If you’re not familiar with Digg, it’s a site that works like this: people submit stories from around the web, and other Digg users vote on them. The more popular the story gets, the more prominent it gets. There are other similar sites, like Reddit, but Digg is among the most popular, able to drive vast amounts of traffic that often seems to overpower many sites. Getting dugg can be both a boon and a curse to a webmaster.
Yesterday, someone leaked the cryptographic code (a 32 digit hexadecimal number) that can be used to decode content on high definition HD-DVD discs, making it possible to essentially rip HD-DVDs, something which has long been possible with conventional DVDs. The story made it to Digg, where it was subsequently removed by the administrators at the behest of the HD-DVD advisory group, who considered the story to be infringing on their intellectual property rights (the HD-DVD people have also threatened legal action on other sites that contain the number).
Unfortunately, while this may have seemed like a logical step for the HD-DVD folks to take, it was also frankly, pretty darn stupid.
I’m sure Jason would have more to say on this from a geek culture standpoint, but from my experience, the kind of people who are interested in this information also tend to be the kind of people who will react quickly and vehemently to what they perceived as censorship. As a result, dozens upon dozens of stories containing the key have now popped up on Digg and elsewhere. Some users disguised the information as something else, for example, sneaking it into the Wikipedia page on the IPv6 protocol as a hexademical IP address. One person translated the hex values into colors; another user made an OS X screensaver that does nothing but display the code. Other stories were as simple as “I would like to share my favorite new numbers with everyone!” In short, that code is now everywhere (there’s even a screenshot on Flickr of the code in pretty much every single story on Digg’s front page).
The HD-DVD folks have run into a prime example of the hydratic equation (you may remember the story of the multi-headed Hydra from Greek mythology: every time Heracles cut off one of the heads, two more sprang up in its place). Not that there was necessarily anything that really could have done about it: once that code genie got out of the bottle, he wasn’t going back in. That inevitability points to one of the fundamental flaws of digital rights management, most systems of which tend to depend on “security through obscurity,” which is to say they rely upon keeping one crucial piece of information, like a password, secret. The problem is, if you keep information in an encrypted form, and somebody wants to watch it, it has to be decrypted. And that means they need that secret key to decrypt it. Sooner or later, the combined ingenuity of the world’s hackers ensures that that secret key will come out: it’s a system that’s doomed to failure.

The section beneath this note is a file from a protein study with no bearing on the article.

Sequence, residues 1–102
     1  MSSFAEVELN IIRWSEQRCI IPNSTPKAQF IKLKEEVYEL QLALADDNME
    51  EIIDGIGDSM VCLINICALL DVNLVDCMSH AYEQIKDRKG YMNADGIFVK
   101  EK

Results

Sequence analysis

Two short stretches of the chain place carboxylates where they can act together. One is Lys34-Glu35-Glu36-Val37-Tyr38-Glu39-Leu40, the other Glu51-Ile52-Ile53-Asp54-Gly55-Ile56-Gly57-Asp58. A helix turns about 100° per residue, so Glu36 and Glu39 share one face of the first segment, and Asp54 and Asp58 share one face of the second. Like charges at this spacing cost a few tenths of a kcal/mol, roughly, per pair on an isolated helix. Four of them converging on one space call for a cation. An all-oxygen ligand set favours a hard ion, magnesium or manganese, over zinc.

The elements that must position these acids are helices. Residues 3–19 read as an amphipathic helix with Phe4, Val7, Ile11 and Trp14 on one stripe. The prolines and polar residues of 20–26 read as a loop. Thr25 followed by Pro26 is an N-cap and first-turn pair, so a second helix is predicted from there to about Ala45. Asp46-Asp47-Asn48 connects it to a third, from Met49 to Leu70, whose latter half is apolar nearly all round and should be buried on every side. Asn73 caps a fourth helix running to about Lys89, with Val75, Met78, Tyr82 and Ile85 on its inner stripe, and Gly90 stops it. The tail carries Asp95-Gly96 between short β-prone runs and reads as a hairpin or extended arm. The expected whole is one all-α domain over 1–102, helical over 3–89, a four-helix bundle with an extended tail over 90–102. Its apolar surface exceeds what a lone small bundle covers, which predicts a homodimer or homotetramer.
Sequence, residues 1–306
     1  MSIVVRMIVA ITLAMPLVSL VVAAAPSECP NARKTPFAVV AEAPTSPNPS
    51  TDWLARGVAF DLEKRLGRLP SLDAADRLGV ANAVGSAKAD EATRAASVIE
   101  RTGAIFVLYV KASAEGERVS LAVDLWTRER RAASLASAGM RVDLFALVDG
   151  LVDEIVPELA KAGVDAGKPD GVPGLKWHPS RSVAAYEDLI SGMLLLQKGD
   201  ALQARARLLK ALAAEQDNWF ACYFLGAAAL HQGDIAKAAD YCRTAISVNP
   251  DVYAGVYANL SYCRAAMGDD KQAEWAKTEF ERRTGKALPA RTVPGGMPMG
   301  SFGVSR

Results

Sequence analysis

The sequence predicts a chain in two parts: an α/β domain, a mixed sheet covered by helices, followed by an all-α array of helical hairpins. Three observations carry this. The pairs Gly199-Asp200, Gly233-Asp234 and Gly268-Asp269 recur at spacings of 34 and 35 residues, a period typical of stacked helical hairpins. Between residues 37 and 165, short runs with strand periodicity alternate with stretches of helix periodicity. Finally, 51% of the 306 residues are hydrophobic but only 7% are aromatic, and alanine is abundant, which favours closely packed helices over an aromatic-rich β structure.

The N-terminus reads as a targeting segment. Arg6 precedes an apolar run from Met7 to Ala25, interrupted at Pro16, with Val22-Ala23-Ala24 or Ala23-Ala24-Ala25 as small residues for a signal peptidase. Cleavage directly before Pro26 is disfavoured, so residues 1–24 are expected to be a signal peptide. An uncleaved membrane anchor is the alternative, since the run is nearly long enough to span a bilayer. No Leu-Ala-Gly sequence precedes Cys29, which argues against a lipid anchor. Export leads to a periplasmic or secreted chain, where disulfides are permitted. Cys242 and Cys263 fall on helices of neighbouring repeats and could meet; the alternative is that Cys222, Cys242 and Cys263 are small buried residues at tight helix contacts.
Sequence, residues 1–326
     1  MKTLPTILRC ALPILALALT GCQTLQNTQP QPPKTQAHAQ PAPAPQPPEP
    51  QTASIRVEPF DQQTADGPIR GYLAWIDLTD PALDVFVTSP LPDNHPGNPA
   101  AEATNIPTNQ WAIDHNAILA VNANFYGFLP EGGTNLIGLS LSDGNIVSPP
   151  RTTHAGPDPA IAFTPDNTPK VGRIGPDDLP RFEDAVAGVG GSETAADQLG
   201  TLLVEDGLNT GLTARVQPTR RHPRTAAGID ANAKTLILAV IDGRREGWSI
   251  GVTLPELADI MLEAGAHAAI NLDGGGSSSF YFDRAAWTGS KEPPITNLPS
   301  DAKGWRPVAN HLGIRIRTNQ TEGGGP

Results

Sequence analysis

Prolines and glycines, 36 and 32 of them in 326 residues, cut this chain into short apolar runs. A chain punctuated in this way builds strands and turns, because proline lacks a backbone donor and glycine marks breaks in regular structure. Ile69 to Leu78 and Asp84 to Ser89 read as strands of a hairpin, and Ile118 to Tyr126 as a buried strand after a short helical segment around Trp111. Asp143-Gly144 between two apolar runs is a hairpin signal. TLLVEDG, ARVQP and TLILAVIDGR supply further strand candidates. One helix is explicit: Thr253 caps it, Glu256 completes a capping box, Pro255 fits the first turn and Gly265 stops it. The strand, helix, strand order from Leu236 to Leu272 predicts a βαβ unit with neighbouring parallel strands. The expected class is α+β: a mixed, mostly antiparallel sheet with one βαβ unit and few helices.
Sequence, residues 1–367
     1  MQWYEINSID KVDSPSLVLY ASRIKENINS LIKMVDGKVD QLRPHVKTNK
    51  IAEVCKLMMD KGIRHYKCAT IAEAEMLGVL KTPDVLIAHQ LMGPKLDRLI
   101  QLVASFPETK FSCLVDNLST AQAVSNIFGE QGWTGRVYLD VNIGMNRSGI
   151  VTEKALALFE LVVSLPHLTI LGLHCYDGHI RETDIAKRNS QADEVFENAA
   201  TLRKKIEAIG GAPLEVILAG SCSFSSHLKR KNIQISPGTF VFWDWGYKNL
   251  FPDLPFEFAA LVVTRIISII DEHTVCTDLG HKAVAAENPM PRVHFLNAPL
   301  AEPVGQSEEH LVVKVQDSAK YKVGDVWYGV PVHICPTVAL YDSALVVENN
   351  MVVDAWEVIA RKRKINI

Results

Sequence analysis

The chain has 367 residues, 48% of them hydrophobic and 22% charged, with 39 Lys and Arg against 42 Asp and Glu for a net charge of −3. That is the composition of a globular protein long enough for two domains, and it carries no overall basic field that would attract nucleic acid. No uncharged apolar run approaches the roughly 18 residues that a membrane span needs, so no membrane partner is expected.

So, how do you cover the ass of a system that’s doomed to failure? Legislate it, naturally. The passage of the Digital Millennium Copyright Act makes it a crime to break the encryption schemes, even for totally innocuous acts like making a digital copy of your DVD for personal backup purposes.
There’s also a larger question here as to whether or not numbers can be considered intellectual property. Certainly a word or phrase can be trademarked or otherwise copyrighted, but can I type 909897234985792834759237495 and say that nobody else is allowed to use that number without my permission? If so, then I contend that something is very very wrong with our intellectual property system. Now, I would certainly be very very annoyed—and for good reason—if my password was suddenly on Digg, but I don’t think that I’d necessarily have grounds for legal action, especially of the intellectual property variety, merely because someone had plastered “pleistocene42” all over the Internet. And, of course, merely having the secret code doesn’t allow you to break the encryption; you still need a program to do it. I’m guessing that any attempt to use the DMCA to prosecute those spreading the code would be doomed to failure.
Back to the Digg administrators, who now find themselves between a rock (the HD-DVD group) and a hard place (their own users). If they censor the stories, as the HD-DVD forum has requested, they may be upholding their terms of service and covering their ass, as
co-founder CEO Jay Adelson stated in his blog post, but they also break their promise of a democratized system of information proliferation. While I don’t think this will kill Digg, I do think it will hurt them with many of their users. But Digg’s learning an important lesson here which the HD-DVD people would be well advised to heed: when you give the power to the people, sometimes they’re going to turn it right back on you.
Update: Digg founder Kevin Rose does the right thing (and frankly, the only thing he really could do if he wants to retain any sort of credibility), posting the number on the Digg blog, and telling Digg users “we hear you” and “If we lose, then what the hell, at least we died trying.” It’s currently the top story on Digg, with 15905 diggs.